If you aided someone for years and years and they never became a Christian, would you consider your efforts wasted?The back story for this question is an AP report that appeared out of Haiti regarding tensions between evangelical Christians and practitioners of Voodoo. The story included these comments by Frank Amedia of Touch Heaven Ministries: “We would give food to the needy in the short term but if they refused to give up Voodoo, I'm not sure we would continue to support them in the long term because we wouldn't want to perpetuate that practice. We equate it with witchcraft, which is contrary to the Gospel.”
As it turns out the AP report took the comments of Mr. Amedia way out of context and he issued a clarification which you can read on the CT blog post. But he did say that eventually or "long term" as he says, his ministry might stop feeding them if they continued to practice Voodoo.
Hence we get the question from CT about whether our efforts would be "wasted" if we didn't get a conversion. This kind of question is a reminder to me of one of the many reasons I am not an evangelical Christian. I don't even understand the question. If I fed someone who lost everything in an earthquake and they didn't starve to death I would consider my mission accomplished. If I needed to keep feeding them for years in order to keep them from starving I would do it without question and not consider my efforts wasted regardless of whether they ever converted to my faith or not.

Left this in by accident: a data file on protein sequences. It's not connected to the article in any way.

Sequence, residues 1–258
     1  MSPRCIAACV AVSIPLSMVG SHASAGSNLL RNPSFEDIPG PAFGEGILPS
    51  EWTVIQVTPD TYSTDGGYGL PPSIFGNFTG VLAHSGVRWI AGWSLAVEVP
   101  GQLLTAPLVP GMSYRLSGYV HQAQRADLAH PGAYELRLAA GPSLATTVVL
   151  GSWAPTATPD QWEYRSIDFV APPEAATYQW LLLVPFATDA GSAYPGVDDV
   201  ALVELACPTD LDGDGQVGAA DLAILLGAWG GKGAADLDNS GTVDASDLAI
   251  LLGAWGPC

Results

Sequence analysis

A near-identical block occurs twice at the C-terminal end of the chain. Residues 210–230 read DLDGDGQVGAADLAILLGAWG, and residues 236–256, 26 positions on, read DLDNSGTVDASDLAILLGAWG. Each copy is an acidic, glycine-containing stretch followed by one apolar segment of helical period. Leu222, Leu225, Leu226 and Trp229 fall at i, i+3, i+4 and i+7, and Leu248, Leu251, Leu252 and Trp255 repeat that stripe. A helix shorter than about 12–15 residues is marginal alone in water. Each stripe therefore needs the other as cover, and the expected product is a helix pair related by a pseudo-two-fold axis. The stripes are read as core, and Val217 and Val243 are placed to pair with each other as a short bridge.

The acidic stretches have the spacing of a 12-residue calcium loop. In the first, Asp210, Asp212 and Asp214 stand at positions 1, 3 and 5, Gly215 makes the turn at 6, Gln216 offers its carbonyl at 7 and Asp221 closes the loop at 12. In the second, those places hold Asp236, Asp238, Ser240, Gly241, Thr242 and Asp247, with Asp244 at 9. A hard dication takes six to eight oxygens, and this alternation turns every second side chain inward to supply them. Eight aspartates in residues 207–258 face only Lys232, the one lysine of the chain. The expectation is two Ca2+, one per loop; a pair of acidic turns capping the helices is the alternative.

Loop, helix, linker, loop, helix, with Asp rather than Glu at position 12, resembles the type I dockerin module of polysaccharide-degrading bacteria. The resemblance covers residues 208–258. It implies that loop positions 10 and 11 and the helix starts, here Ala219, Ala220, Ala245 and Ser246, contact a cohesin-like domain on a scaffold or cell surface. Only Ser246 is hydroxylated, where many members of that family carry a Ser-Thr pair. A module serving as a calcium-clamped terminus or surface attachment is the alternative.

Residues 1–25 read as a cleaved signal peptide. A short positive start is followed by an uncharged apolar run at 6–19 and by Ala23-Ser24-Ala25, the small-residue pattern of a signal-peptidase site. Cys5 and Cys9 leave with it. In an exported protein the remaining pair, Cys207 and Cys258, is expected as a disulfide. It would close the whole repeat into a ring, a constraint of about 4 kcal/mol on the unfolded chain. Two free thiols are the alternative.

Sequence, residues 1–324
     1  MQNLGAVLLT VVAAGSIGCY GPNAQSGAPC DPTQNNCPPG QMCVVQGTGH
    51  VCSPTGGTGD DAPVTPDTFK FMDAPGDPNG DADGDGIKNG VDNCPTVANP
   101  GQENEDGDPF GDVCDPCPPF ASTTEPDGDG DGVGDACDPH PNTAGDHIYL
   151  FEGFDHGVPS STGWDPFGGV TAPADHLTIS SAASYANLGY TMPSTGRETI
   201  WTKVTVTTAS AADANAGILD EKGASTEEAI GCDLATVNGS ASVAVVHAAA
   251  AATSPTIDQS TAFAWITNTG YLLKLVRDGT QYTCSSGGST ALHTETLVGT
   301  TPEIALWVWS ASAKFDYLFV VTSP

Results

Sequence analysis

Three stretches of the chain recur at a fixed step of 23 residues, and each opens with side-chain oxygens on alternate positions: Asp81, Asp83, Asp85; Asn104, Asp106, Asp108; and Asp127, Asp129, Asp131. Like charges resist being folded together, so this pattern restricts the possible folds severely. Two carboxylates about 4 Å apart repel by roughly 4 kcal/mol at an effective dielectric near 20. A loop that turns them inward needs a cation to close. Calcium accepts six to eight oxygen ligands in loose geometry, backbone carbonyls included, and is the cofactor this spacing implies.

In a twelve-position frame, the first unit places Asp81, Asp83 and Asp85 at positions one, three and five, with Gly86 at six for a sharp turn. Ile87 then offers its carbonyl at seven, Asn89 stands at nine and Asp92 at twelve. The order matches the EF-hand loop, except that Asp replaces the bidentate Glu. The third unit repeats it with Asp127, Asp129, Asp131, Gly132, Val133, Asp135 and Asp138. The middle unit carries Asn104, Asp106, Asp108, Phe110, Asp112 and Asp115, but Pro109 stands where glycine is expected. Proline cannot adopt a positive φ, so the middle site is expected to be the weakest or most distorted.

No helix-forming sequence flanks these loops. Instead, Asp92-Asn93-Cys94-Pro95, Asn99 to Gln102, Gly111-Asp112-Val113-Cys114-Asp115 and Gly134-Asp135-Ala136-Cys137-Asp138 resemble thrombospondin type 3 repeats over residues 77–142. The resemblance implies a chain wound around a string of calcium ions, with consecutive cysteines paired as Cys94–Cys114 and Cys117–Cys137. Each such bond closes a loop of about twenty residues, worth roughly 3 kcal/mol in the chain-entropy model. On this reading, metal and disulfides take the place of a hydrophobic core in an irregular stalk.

I am reminded of going to an evangelism training session many years ago put on by someone in our denomination. The topic was friendship evangelism and they showed a movie where Christians befriended their neighbors in order to get them to convert. Their motives weren't subtle; they - the actors playing Christians in the movie - talked about them in their table conversation as they plotted their strategy with their neighbors. Let's be friends with our neighbors so we can get them to convert. Let's have them over for dinner, go golfing with them, spend as much time as it takes to soften them up and when the moment is right pop the salvation question. I came home from the session feeling like I needed to take a shower.
I am not opposed to sharing my story when someone asks "why are you doing this.?" But the reason I am doing this - feeding the hungry, helping to rebuild homes after floods, sending money or Church World Service kits to Haiti, etc. - is because it is the right thing to do. It is what Christians do; it is what people of other faiths and no faiths do too. With no ulterior motives. I have been blessed. Out of the blessings I have experienced I want to help out others who are in need. It is that simple.
BTW it has been my experience that the AP is a really unreliable source for news, whether it is local, national or international.